Angered by his sons death Hugh Rose immediately sought revenge. Mackenzie of Coul  sent a letter of condolence to Rose and allowed him to come and bury his son but Rose was apparently too incensed with grief and threatened to put the whole town of Inverness to sword and flame.

On 12th November the Government, led by Simon Fraser, took position along the side of the River Ness. Here they were able to prevent support, from the MacDonalds of Keppoch and the Mackintoshes at Moy Hall, from coming to the Jacobites aid. Realising the weakness of their position the Jacobites asked to march south, and join Mar and the main Jacobite army at Sherriffmuir, but Rose denied this and instead offered them the chance to hand over their weapons and return home. Later that day Government forces occupied Inverness, the only fatality of the short siege being Arthur Rose two days before.

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Inverness Castle from roughly 1745

 

In the 1719 Jacobite Rising there were plans for the Jacobites to head to Inverness and take the town but the men never made it that far east and Government men marched out of the town heading the Jacobites off at Glen Shiel. Thus, Inverness escaped any serious action in 1719.

Finally, in 1745, Inverness was held mainly by the Government, with an initial force of roughly 750 men based there to defend the site. After the Battle of Prestonpans John Campbell, 4th Earl of Loudon, arrived at Inverness with arms and funds and took over command of the men that Lord President Duncan Forbes had been raising in the area but it wasn’t until early 1746 that the Jacobites actually came to Inverness.

On 16th February 1746 Lady Anne MacKintosh entertained Prince Charles at Moy Hall, her family home just south of the city. News of the Prince’s whereabouts reached Lord Loudon, and fearing an attack Charles left the Hall and took sanctuary in the nearby woods. When Loudon’s men approached the house Lady Anne’s blacksmith and a handful of men created the impression that the house was defended by a substantial force calling out to ‘regiments’. The tactic worked and Lord Loudon retreated back to Inverness in what is known as ‘The Rout of Moy.’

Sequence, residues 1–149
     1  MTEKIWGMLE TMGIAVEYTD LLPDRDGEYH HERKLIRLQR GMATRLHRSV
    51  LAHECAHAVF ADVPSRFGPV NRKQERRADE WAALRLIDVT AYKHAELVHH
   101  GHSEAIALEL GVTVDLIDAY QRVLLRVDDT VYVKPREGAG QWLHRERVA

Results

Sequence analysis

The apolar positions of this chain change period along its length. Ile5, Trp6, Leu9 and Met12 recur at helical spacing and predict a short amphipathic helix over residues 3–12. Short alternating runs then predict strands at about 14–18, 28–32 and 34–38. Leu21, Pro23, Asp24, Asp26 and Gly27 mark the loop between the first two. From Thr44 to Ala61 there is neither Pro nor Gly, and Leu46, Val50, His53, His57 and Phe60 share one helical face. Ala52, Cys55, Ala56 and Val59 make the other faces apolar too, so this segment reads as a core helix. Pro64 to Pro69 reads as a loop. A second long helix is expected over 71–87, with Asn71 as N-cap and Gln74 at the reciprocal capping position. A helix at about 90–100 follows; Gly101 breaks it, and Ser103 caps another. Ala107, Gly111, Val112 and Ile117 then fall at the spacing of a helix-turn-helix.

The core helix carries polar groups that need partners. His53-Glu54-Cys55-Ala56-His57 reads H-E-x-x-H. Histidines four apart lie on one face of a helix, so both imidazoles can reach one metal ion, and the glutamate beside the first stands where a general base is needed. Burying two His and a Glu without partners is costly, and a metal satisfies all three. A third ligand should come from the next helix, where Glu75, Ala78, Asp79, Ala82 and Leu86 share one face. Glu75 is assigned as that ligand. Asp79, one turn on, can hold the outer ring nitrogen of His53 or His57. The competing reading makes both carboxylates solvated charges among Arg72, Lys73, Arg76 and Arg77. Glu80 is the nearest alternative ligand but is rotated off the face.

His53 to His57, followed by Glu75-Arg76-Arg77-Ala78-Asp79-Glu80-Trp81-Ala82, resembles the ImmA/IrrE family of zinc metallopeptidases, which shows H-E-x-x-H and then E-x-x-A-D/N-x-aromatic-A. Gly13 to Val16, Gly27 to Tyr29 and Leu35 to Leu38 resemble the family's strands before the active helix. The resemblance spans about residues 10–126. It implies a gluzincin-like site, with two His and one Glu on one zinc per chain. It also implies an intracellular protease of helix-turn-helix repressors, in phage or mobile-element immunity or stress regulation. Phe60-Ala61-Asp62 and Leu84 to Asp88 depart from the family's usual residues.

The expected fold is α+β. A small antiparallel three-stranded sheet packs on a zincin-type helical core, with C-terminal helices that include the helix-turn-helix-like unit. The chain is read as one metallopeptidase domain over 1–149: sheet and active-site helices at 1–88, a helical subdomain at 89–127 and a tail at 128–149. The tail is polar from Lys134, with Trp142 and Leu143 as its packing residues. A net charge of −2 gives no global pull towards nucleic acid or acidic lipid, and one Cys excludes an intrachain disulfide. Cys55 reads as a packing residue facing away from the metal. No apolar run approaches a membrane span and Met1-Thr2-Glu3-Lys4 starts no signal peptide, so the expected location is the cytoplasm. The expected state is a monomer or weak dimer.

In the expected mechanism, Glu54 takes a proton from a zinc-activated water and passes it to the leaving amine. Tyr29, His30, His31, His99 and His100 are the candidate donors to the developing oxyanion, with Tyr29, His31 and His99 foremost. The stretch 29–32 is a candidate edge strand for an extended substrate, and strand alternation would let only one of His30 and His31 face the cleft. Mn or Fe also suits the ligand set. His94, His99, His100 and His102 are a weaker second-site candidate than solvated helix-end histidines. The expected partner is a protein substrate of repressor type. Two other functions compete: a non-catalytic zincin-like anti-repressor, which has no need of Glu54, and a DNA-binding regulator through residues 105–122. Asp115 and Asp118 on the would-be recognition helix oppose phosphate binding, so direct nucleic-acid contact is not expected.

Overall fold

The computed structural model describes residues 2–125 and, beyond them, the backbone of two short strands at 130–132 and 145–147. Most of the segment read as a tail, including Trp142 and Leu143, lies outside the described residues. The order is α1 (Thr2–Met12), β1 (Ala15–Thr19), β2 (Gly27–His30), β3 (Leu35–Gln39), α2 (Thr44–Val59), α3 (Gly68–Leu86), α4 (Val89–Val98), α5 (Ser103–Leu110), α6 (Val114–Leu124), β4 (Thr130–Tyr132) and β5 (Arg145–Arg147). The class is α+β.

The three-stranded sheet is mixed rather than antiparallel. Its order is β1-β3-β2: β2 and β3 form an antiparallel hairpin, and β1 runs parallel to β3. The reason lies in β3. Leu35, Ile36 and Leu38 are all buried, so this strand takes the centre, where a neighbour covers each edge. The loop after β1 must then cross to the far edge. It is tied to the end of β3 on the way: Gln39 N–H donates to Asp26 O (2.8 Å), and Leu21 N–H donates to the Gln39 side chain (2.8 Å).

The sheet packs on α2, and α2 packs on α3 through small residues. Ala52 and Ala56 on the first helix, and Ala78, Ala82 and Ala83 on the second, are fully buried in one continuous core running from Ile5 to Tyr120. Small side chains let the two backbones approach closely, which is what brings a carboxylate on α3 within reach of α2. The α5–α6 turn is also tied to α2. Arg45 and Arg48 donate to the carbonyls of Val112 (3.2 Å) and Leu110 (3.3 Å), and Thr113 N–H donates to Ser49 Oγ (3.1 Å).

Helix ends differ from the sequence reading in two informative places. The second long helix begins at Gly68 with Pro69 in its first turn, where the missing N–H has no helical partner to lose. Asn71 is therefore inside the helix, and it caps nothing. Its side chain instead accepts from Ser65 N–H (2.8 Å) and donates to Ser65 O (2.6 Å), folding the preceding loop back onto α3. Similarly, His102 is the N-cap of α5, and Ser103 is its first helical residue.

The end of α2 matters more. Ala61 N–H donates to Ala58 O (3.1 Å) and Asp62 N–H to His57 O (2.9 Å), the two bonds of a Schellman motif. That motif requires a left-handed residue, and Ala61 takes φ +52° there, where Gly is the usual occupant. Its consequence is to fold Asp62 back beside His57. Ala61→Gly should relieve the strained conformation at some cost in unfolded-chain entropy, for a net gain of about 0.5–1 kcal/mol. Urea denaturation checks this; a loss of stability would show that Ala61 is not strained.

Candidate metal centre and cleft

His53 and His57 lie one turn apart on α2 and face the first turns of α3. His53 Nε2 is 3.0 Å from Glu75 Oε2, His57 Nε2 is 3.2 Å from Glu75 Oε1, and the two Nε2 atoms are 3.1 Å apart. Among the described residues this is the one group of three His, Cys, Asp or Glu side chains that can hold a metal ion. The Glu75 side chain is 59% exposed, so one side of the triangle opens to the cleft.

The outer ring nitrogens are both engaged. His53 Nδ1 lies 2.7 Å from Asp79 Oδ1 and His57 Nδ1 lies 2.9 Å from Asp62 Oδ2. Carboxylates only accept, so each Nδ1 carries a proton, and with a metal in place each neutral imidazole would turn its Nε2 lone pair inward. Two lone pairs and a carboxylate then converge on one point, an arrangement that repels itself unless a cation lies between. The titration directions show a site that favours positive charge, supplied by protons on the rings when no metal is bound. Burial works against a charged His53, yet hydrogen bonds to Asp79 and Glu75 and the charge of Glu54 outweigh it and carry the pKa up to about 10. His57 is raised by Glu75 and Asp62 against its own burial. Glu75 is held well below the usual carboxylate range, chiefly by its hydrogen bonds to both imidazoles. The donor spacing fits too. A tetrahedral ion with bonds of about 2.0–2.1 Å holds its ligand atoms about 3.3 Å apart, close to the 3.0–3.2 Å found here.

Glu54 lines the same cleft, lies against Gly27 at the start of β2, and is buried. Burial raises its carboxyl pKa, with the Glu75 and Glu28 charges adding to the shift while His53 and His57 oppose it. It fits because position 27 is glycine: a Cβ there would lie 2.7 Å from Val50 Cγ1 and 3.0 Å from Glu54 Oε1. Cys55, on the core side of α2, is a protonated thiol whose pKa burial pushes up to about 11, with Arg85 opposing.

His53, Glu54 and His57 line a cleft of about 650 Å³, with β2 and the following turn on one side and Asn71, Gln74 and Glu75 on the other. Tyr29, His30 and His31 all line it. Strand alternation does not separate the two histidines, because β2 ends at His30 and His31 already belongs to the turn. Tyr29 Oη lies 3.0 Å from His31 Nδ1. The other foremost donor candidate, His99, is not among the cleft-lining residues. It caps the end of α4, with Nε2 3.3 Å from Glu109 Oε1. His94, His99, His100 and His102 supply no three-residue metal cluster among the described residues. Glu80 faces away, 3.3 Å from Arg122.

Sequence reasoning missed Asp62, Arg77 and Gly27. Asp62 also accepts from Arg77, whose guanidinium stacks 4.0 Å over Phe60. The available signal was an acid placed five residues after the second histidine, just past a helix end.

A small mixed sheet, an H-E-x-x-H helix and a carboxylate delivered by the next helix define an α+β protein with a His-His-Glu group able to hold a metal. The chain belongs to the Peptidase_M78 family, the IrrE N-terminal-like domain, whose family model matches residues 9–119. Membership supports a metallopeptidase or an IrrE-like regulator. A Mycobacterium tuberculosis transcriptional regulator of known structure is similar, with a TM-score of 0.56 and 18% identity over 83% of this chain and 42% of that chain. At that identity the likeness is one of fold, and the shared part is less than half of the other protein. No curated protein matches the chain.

The next day a Government Council of War decided it would be impossible for Loudoun’s forces to defend Inverness and they retreated into Sutherland and Prince Charles was free to enter Inverness without contest. Only one barrier remained. There was still a small garrison holding Inverness Castle for the Government, led by Major Grant. The Jacobites quickly went to work surveying the building for any weaknesses. The walls were too thick to penetrate but they managed to find a weak point in the foundations and set about exploiting this point.

On 20th February Major Grant conceded defeat. They could not stop the strong Jacobite force and feared the rampart would be blown up beneath them. The Jacobites quickly plundered the stores and weapons held in the castle and then proceeded to blow the fortifications apart so that it would be no use if it were to fall back into Government hands.

This was the last action Inverness with the Battle of Culloden resulting in the defeat of the Jacobites in April. Hopefully you enjoyed this short history on Inverness and as always please like, share, tweet, comment and come along to Inverness where you can still see one of the walls of the old Castle burnt from the demolition.

All the best, K & D